Report: Fashion Events & Social Media: 4 Campaigns Analyzed

How does a fashion brand leverage a major industry event? This report analyzes the content strategies and tactics of four major luxury fashion brands during Milan Fashion Week. The following slides will reveal details about each brand’s posting calendar, social networks employed, engagement levels generated and the posts that made the biggest impact.


  • Instagram is the dominant social network for live fashion events
  • Only 1 of the 4 campaigns included posting to Facebook
  • Posting for each brand is scheduled around their live fashion show

Big game viewers flock to social to engage with brands [Infographic]

Posted by Katie Perry in Opinions on January 29th, 2015 at 7:00 am

The Super Bowl is one of the biggest days of the year for brands, and one of the most-anticipated cultural moments of the year for consumers. This Sunday, you can expect that marketers will pull out all the stops to break through the clutter – whether that’s via big-budget TV spots, or timely social media content.

According to new research from Crowdtap, The People-Powered Marketing Platform, most U.S. viewers will welcome these efforts. Per the study, 85 percent of people say they prefer the Big Game as it is now, ads and all, to one with no ads. Moreover, 65 percent of viewers said they will follow along with brands on social during the game.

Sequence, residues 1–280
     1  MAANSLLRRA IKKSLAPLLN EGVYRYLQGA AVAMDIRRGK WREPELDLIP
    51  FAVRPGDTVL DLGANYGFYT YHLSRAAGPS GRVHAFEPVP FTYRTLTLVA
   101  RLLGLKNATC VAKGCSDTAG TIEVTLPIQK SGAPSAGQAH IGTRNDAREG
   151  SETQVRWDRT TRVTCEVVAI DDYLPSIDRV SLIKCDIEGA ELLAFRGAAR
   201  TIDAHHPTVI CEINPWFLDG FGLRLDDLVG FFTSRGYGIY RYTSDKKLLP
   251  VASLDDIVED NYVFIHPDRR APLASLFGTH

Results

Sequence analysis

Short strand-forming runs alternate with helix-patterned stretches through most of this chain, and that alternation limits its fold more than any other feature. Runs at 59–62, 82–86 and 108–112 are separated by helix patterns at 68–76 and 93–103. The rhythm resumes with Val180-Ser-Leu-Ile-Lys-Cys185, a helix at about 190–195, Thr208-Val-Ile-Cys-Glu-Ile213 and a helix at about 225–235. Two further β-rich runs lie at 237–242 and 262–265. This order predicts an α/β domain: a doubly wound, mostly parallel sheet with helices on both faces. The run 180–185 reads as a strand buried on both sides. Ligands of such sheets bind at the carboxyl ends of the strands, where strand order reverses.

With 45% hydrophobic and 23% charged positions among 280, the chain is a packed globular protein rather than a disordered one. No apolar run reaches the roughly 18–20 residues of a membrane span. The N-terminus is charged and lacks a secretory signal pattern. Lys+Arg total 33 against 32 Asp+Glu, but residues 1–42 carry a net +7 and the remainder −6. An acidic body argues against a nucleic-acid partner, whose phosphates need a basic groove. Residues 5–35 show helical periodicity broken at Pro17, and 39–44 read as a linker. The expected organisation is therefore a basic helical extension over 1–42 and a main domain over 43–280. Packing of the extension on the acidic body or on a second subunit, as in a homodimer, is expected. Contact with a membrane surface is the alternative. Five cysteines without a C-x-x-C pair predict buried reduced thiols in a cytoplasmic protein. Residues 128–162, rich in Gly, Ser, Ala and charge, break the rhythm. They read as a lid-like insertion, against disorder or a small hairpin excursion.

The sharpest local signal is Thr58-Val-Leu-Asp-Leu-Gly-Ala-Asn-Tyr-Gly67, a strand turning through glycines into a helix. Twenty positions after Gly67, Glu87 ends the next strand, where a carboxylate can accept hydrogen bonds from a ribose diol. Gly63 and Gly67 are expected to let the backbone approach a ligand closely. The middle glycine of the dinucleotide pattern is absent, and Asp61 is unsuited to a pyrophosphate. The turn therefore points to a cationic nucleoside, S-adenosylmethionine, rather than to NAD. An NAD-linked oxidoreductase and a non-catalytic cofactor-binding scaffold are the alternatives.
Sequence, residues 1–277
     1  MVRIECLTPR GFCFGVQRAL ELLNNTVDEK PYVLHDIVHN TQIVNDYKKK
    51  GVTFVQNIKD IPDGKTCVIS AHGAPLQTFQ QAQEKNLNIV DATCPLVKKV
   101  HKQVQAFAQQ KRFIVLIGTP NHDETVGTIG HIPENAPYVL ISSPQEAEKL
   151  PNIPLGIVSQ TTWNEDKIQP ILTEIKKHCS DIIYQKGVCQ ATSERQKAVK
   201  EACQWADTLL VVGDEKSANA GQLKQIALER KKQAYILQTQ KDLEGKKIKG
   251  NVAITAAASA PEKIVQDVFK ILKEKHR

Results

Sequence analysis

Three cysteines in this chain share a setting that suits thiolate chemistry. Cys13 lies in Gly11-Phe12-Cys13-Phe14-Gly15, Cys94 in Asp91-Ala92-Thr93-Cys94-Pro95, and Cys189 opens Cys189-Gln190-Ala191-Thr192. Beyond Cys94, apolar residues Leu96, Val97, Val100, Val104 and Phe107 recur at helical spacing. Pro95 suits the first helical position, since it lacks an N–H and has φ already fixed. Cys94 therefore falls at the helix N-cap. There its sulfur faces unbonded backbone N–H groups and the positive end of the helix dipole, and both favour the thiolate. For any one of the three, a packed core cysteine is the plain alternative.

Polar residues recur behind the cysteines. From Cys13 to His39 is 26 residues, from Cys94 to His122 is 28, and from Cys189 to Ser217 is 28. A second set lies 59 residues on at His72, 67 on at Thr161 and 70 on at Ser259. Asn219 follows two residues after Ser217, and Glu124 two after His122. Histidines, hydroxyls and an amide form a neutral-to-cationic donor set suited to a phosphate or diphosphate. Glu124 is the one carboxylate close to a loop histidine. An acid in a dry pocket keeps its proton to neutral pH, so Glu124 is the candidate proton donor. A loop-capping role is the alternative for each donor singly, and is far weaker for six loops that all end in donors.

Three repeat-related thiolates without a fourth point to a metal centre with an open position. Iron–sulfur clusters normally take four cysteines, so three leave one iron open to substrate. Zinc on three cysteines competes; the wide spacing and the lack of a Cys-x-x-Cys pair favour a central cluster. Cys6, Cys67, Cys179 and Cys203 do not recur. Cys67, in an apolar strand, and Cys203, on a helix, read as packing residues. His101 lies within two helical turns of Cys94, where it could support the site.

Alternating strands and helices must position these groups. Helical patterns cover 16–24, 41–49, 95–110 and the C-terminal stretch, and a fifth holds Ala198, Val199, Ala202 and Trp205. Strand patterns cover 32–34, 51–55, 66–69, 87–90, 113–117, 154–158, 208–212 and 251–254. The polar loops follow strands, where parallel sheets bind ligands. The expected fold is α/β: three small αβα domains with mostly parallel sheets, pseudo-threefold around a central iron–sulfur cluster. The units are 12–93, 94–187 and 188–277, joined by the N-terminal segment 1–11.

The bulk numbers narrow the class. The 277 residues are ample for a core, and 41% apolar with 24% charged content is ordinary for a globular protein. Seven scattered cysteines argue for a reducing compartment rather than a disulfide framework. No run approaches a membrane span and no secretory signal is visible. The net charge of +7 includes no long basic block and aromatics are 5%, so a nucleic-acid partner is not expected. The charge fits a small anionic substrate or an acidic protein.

Other key findings include:
•    74% of viewers say they like when brands ask them to participate in the creation of their Big Game ads
•    63% of viewers say they are at least somewhat likely to purchase a product they’ve seen on TV in a Super Bowl ad
•    30% of viewers cite Super Bowl ads as their primary reason for tuning in – as opposed to the game itself

The big takeaway: On the whole, viewers enjoy watching Super Bowl ads, but they enjoy engaging with them –...

Maybe You Deserve This Match

A number of years ago I was retained to provide marketing communications services for a San Diego-based dating site. Good concept, decent funding from private sources, number of stories generated across various media genres. Ultimately, however, it wasn’t enough. Competition was too fierce; site just wasn’t attracting enough eyeballs and the venture folded.

Fast forward to 2015. Buddy of mine asked if I knew of any good dating sites as he was, to quote him, ‘back in the game.’ Told him I hadn’t been following the space for awhile but was curious to see how the industry had evolved.

The dating industry has become huge - $2.2 billion in 2014 according to market research firm IBISWorld; $2.7 billion by 2019. And Pew Research says that of Americans in a committed relationship that have used an online dating site, one in three met online.

Decided to have a little fun so did a bit of research/searching for oddball, offbeat and in some cases, truly weird dating sites. All seem to be flourishing; many have attracted advertising. In short, your future significant other may just be a few clicks away, no matter your fetishes.